Gender-based violence is the concern of a new group on the Hill and the subject of a public event Tuesday, Dec. 1. Callie Wight, a member of the group, says its formation was not a reaction to incidents on the Hill and stressed that children who live here from high school to later, spend considerable time in environments where this preparation will be beneficial.
The origin is the Center for Women’s Global Leadership at Rutgers University. Members of St. Hugh’s Episcopal Church have been involved in the center’s programs for many years, according to Vicar Daniel Rondeau. The center’s 2015 topic is “16 Days of Activism Against Gender-based Violence Campaign,” which runs from Nov. 25 to Dec. 10.
However, the St. Hugh’s group, which is named the Mountain Communities Alliance Against Gender-based Violence, will address the issue throughout the year.
“If your community has children in school, we want to keep the school children safe from gender-based violence,” he explained. “We hope to show parents how to identify gender-based violence and give kids and parents the courage to face that.”
While youth in their mid-teens have the highest rate of sexual assault, the group is not implying this is rampant in Hemet or Anza. “Nevertheless, these are much bigger communities and can be an initial cultural shock to students from the Hill,” he said.
“We want to bring to the community that it can and does happen here,” said Julie Steiger, a local therapist and social worker, who is a member of the local alliance. “I’ve lived here two years and it’s definitely a problem which we don’t speak about. Whether it’s secrets or shame, we don’t talk about it.”
The purpose of the December event is to provide parents and kids with tools to deal with these situations, said Mary Morse, director of the Spirit Mountain Retreat Center and one of the group’s members. The intent is to distract the attacker and defuse the incident.
“For example, if someone sees another person being teased or bullied, rather than saying nothing, these tools will give them something to say, which can help alleviate the situation,” Rondeau added. “If one person will intervene, it often empowers the entire group.”
The basic structure of the tools is to offer a statement that challenges the behavior, asks questions about the situation, employs “I” statements and makes it personal.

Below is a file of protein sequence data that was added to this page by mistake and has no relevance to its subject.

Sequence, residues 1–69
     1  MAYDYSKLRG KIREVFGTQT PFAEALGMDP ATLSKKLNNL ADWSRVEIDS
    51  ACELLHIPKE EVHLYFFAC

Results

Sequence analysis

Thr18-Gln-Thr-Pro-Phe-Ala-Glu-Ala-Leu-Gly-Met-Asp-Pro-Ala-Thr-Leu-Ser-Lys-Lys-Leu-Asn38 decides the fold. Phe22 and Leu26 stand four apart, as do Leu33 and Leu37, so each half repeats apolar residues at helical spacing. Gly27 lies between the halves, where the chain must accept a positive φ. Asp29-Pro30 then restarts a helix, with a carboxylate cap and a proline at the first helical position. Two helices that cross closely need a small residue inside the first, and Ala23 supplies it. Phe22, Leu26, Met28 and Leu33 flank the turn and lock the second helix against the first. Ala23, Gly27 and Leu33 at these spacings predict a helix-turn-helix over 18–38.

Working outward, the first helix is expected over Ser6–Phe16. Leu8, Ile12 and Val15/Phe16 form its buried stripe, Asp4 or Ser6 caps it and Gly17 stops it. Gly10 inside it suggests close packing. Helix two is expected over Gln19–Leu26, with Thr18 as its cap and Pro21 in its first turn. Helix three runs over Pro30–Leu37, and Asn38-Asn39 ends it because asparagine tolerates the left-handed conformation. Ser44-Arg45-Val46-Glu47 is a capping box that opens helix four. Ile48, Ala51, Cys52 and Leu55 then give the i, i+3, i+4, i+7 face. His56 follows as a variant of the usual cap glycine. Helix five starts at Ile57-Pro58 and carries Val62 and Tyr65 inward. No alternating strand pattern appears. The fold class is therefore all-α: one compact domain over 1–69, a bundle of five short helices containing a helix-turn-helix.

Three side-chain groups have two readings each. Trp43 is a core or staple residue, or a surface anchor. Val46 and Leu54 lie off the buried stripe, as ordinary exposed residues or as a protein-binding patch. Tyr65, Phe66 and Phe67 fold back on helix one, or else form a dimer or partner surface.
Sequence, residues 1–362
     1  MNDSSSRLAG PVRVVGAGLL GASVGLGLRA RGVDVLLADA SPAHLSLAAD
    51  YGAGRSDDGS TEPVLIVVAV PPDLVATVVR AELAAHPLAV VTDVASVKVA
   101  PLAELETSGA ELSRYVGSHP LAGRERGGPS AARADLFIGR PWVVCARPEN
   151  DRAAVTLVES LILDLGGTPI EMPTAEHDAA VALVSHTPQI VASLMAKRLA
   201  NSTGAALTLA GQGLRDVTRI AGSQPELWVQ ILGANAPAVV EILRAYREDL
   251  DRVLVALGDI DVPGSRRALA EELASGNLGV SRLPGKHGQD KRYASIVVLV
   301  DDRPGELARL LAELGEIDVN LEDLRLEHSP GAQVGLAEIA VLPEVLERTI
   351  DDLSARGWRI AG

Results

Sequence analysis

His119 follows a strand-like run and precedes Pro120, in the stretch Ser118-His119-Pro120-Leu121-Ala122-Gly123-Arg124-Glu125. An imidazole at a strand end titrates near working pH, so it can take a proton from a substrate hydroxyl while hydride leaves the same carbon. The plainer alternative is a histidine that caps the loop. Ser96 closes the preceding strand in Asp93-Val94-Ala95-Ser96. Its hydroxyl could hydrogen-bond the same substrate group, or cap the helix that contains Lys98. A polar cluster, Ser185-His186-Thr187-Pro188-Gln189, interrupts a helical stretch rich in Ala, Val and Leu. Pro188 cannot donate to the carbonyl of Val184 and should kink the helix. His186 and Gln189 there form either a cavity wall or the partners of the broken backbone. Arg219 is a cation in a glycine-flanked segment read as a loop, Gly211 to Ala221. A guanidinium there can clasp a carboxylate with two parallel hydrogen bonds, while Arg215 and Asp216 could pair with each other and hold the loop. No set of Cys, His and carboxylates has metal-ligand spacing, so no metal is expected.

For example, if one sees someone harassing another student, the can say, “Stop being a jerk.” The challenge is to tell the harasser to stop and the behavior is not OK.
Questions such as, “Why are you acting this way?” or “What’s your goal here?” can be raised. Besides the use of “I” statements, it becomes personal for the perpetrator when asked, “How would you feel if some guy treated your mom or sister or girlfriend that way?”
Besides a discussion of the tools and their use, participants can discuss the whole problem, Wight said. What is gender-based violence? What’s going on in the world? Solutions will be part of the discussion.
Morse also stressed that men — homosexuals and transgender — can be victims of sexual assault, too.
Two practitioners will be at the event. One of the featured speakers will be Gayle Hepner, executive director of the Center Against Sexual Assault of Southwest Riverside County. She and Steiger have significant experience working with survivors of this form of violence. They can speak to the reactions, consequences and long-term feelings.
“There are not a lot of resources here. This evening will give awareness to the problem and let people talk about it,” Steiger said. “This can reduce the shame and embarrassment, so the victim does not feel so alone.”
The importance of survivors participating is powerful, they all stressed, especially to learn how to handle a situation and its repercussions.
At the conclusion, Rondeau hopes all who attend will depart with an awareness of the problem and what can be done to change it. “It’s the need for a powerful bystander,” he said. And Morse re-enforced the point, with her comment, “Intervening can make a difference.”
The presentation “Beyond Bystander: Keeping Youth Safe From Gender-based Violence” is from 6 to 7:30 p.m., Tuesday, Dec. 1, at the Rainbow Inn. For more information, you may call 951-634-4048 or visit the Facebook page, Mountain Communities Alliance Against Gender-based Violence.